We Are Entering a New Era of Jew Hatred
In the West, we are seeing the beginning of a new phase of discrimination against Jews. Many cannot openly identify as Jews without fear of being assaulted, which is happening all too often in Europe, the United States, and now Canada.
Much of the animosity is related to the support of Jews for Israel and its historical/philosophical foundation, Zionism — the national liberation movement of the Jewish people in their ancestral homeland.
The very word “Jew” comes from membership in the tribe of Judah, which, about 3,000 years ago, became a kingdom, with Jerusalem as its capital, under David and Solomon.
Many Jews today grow up proudly learning about this astonishing history that uniquely binds the past to the present. However, Jews are now increasingly assailed by hostile, mania-driven campaigns, foremost at universities, bent on erasing this history altogether.
There are ever-mounting efforts underway, including by people who consider themselves part of a “progressive” movement asserting human rights for minorities — a noble aim in principle — to single out only one country, Israel, and its national movement, Zionism, for vilification.
Delegitimizing rhetoric seeking to portray Israel as a “settler-colonialist” enterprise imbued with “white supremacy” is hurled with feverish abandon — but is unhinged from fact and history.
We’re in the realm here not of reason, but of a quasi-religious cult of incantation.
Almost 100 years ago, writing at another moment of great danger in Jewish history, Albert Einstein saw the re-creation of a Jewish homeland as “the embodiment of the reawakening corporate spirit of the whole Jewish nation.”
In his day, Einstein was a progressive who abhorred violence and cared deeply about the human rights of the Palestinian Arabs. Nonetheless, he recognized the great moral need for Zionism.
Einstein urged that “we Jews should once more become conscious of our existence as a nationality and regain the self-respect that is necessary to a healthy existence. We must learn once more to glory in our ancestors and in our history.” To that end he called for “reconstruction of our native land.”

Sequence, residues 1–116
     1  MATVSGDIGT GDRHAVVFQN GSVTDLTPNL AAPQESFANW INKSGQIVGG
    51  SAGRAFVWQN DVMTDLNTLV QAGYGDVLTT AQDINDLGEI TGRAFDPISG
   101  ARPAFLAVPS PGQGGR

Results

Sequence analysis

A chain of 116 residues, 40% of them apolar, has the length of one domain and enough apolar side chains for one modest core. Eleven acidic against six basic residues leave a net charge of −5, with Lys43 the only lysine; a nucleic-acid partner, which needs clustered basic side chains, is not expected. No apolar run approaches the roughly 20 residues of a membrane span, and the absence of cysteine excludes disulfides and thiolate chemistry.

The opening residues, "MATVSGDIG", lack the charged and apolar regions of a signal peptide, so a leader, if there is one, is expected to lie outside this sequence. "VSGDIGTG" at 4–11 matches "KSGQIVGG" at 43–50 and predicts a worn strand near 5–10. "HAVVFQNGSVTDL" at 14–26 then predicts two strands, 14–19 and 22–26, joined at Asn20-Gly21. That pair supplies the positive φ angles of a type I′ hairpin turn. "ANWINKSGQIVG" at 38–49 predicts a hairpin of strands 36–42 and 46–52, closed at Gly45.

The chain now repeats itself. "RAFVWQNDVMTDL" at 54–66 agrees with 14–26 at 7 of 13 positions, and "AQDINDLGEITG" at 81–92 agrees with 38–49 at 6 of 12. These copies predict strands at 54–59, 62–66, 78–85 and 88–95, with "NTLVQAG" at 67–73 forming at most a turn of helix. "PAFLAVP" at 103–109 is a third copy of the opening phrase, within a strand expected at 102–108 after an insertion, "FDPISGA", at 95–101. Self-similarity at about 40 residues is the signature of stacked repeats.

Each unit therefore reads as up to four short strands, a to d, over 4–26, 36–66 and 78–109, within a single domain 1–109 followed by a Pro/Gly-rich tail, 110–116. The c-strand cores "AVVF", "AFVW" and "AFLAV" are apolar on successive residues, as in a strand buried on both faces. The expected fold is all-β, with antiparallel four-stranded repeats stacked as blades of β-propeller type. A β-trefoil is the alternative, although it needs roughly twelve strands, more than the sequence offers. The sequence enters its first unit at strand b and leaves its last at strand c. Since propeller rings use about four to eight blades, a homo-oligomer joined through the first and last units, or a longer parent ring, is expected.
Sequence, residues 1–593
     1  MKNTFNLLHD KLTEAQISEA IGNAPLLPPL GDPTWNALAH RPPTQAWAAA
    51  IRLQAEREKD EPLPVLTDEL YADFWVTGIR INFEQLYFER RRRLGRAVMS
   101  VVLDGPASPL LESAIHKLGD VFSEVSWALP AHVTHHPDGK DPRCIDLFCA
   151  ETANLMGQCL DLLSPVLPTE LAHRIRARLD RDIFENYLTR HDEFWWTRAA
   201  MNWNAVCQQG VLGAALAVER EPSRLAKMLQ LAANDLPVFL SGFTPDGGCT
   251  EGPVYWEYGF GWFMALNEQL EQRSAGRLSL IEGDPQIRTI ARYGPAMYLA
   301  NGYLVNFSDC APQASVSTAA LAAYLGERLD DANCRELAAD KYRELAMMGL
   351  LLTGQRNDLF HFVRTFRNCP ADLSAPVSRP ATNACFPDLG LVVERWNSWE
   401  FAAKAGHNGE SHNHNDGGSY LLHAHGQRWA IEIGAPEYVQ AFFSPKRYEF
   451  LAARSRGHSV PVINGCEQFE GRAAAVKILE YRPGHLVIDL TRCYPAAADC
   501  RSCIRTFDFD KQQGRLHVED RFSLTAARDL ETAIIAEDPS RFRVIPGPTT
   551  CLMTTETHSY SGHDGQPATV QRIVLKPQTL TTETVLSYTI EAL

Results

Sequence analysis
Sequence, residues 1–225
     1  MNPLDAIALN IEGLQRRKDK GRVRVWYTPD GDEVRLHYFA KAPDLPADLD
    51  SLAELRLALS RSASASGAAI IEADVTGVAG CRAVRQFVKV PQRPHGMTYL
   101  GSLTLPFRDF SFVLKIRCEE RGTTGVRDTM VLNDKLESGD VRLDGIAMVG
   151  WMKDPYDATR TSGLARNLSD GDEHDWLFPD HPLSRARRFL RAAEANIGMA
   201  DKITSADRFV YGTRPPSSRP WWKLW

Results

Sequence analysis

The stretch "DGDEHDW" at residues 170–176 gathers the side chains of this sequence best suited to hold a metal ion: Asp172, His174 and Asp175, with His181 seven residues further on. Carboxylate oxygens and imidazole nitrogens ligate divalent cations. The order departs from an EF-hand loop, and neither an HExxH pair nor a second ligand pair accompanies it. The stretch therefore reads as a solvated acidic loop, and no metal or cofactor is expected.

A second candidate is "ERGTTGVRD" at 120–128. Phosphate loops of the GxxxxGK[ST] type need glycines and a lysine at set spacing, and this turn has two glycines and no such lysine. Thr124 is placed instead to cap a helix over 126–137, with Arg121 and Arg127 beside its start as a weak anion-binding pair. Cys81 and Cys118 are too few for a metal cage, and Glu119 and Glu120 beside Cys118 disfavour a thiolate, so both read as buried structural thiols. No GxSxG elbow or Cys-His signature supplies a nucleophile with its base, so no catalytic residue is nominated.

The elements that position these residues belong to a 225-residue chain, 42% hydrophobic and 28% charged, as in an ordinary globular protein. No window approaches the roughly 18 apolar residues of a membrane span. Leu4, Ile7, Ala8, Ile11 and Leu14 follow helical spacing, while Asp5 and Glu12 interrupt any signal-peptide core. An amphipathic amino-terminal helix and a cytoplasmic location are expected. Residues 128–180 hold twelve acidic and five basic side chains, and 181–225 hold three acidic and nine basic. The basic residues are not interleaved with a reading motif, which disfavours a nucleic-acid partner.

One doesn’t “colonize” one’s native land. One returns home.
The broader reality presents us with a bitter irony. While developments in the Middle East are substantially moving in the direction of peaceful reconciliation between Israel and many of its Arab neighbors (the recent conflict between Iranian-backed Hamas and Israel being an exception), the obsessive anti-Israel crowd abroad is doubling down on its determination — delusional as it may be — to see things move in the opposite direction: the imposition of discriminatory, hostile measures, leading to the destruction of Israel.
As to this crowd’s ludicrous linking of Zionism with “white supremacy,” consider this — the majority of Jewish Israelis come from the Arab and Muslim Middle East.
In the years immediately following Israel’s establishment in 1948, nearly a million Jews became refugees when they were forced out of or fled from countries where their ancestors had lived for hundreds and in some cases for thousands of years: Iraq, Syria, Egypt, Libya, Yemen, and Iran, to name some in the Middle East.
Jews of many colors have come “home” from these and other lands, including India and Ethiopia.
In the period immediately preceding Israel’s establishment, the United Nations itself called for the creation of a “Jewish State” and an “Arab State” — the principle of two states for two peoples — in what had been Ottoman-ruled Palestine.
The Jewish leadership at the time said yes, but the Arab leadership said no. It is this refusal to compromise — to accept a Jewish state — that remains at the core of the impasse between Israel and the Palestinians. This refusal to accept Jewish indigeneity led the Palestinian leadership to reject several Israeli offers (in 2000, 2001, and 2008) for the creation of a Palestinian state.
In the spring of 2008, when talks were proceeding between Israel and the Palestinians, The Economist — known for being anything but soft on Israel — made this astute observation: “It is ironic that the fundamental disagreement between Jews and Palestinians today is not whether there should be a Palestinian state; most Israeli Jews accepted that long ago. It’s about whether there should be a Jewish one.”
The challenge to those social justice warriors who are intent on sweeping up others in their anti-Israel mania is this: How, in the name of justice and human rights, can you deny that Jews are a people with the right to self-determination in their ancestral homeland? What is that refusal other than bigotry and hatred?
Michael Mostyn is the CEO of B’nai Brith Canada.